Technology

January 5, 2010

These days, there is a vast array of technology that can be used to support your presentation.  This includes: PowerPoint on a laptop, LCD projectors, overhead projectors, multi-media systems, laser shows, PA systems, radio microphones, the list goes on and on.  The single most important thing to remember when using such technology is that no matter how well you prepare and how many times you have used it in the past, technology can go wrong.  Not only can it go wrong, it will go wrong, usually at the most inappropriate of times.

Now that doesn’t mean you should avoid using any technology, as it can when used correctly add value to your presentation.  However, always remember the technology should be used in a supporting role.  The experienced presenter is never dependent on any technology, so if it does fail he or she can carry on without it.

A classic example of what happens when technology fails is when a presenter is relying on their PowerPoint (or other graphics presentation software) to provide the cues for their presentation.  If the technology fails for any reason, not only are they left without their visual aids, they also have to remember what they are going to say and the order in which to say it. 

Losing what you consider to be a vital aspect of your presentation will invoke a level of panic in most presenters.  Compounding this with losing your prompts can be catastrophic.  I have seen very experienced presenters deliver very poor presentations when the presentation software fails because they were relying on their slides to prompt them.

To avoid technology failures ruining your presentation, I recommend practising giving the presentation without the technology or visual aids and having a set of cue cards to hand, just in case the unexpected happens.

There are occasions when the technology is an integral part of your presentation, for instance when you are demonstrating a piece of software.  My advice, in this case, is to thoroughly practise your demonstration exactly as you plan to give it on the day and only show exactly what you have practised.  Do not be tempted to vary your presentation.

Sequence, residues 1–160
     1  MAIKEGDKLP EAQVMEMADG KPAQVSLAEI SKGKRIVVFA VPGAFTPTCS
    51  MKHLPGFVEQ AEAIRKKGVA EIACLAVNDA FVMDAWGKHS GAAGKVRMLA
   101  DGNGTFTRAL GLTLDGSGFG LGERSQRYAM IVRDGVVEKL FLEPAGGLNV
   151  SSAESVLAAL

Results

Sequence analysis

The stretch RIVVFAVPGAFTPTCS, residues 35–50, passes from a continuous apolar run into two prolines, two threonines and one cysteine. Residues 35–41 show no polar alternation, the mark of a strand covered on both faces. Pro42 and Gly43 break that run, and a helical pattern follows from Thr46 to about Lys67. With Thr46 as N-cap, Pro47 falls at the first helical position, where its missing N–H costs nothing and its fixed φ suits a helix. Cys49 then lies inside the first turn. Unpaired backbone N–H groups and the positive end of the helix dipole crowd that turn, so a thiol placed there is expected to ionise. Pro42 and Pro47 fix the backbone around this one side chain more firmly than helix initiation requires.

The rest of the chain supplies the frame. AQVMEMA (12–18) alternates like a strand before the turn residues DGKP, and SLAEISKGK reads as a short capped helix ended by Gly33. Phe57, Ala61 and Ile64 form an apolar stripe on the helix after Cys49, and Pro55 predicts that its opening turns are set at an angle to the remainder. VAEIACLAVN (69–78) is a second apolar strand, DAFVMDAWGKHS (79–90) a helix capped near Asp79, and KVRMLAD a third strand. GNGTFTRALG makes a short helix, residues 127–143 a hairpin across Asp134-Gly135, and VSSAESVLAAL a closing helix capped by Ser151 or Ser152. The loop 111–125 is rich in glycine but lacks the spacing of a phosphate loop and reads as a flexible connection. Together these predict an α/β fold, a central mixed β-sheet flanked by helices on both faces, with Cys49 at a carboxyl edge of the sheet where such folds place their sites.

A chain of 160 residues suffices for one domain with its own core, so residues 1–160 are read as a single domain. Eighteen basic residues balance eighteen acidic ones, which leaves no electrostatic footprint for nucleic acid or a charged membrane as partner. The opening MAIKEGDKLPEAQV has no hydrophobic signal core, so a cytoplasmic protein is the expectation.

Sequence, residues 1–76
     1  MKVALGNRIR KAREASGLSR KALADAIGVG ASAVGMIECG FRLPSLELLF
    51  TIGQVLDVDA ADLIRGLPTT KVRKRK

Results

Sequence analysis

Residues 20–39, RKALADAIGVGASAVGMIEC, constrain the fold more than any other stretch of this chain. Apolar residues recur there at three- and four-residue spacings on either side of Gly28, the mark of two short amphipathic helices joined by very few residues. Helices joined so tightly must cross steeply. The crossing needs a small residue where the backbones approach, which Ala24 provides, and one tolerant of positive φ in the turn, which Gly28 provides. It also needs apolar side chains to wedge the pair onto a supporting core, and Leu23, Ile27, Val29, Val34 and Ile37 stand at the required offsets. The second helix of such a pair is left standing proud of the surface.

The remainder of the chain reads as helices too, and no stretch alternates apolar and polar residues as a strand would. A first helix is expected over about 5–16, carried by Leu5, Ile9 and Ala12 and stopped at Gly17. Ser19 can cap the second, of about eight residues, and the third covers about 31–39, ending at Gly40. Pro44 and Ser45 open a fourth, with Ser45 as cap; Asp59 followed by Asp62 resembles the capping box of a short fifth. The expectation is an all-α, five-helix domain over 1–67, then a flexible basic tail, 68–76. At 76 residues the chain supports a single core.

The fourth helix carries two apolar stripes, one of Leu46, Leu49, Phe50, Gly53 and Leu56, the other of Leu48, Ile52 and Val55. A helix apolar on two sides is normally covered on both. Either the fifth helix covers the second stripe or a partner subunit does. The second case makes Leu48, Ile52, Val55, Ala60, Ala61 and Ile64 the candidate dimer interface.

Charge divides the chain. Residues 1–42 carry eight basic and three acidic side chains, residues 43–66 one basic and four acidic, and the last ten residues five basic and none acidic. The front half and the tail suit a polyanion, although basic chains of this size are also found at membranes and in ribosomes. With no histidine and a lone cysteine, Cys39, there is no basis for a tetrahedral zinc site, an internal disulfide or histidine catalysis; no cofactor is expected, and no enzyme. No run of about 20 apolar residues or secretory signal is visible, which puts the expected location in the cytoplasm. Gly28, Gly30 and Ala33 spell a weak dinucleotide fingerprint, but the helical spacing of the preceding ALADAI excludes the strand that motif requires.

Technology has a way of catching people out, when the least expect it.  Think through the technology you are planning to use and perform a risk assessment.

Common things to remember are:

  • Put your mobile phone on silent
  • Turn off the screensaver of your laptop
  • Turn off WiFi on your laptop
  • Check pens have ink in them if you are using a flipcahrt of whiteboard
  • Make sure they are the right type of pen for a whiteboard
  • Know how to turn your microphone off when you have finished
  • Make sure colour scheme of slides works well with the projector
  • Ensure you know how to advance the slides
  • Have a blank slide at the end so as not to display your desktop
  • If you are planning on using an autocue or “presenter view” in PowerPoint have a spare set of cue cards

Presentation Training and Coaching is available from the author of this blog. Please visit my presentation training  website.

Give me a day and I’ll change your presentations, forever

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Tongue Tied

January 5, 2010

Even the most experienced presenter sometimes gets their words mixed up, finds that they just can not say a particular word or that when they try to say a phrase gibberish comes out of their mouth.  If this happens to you, do not worry.  You can make light of it with a humorous remark such as ‘I must remember to put my brain in gear before engaging my mouth.’, ‘Sorry I’ll try that again’, or ‘Has anyone got a set of teeth that work?’ while miming the removal of your false teeth.

World leaders need to be very careful what they say as every word and aspect of their presentation will be disected and analysed by reporters and commentators around the world. This is why many of them rely on speech writers and autocue for their presentations. Thankfully most people giving a business presentation are not subjected to such rigourous analysis, so the odd slip up will probably pass unnoticed. When you make a mistake, or get tongue tied just laugh it off and carry on.

Reciting some tongue twisters may help reduce the occurence of being tongue tied.

Presentation Training and Coaching is available from the author of this blog. Please visit my presentation training  website.

Give me a day and I’ll change your presentations, forever


Trust

January 5, 2010

Before you can influence someone, you need to gain his or her trust.  They need to respect you as someone who knows what they are talking about.  Try giving them a piece of information they know to be true, suggest an opinion they already hold or express an opinion with which they can sympathise.  All of these things will help to build a level of trust between you and your audience.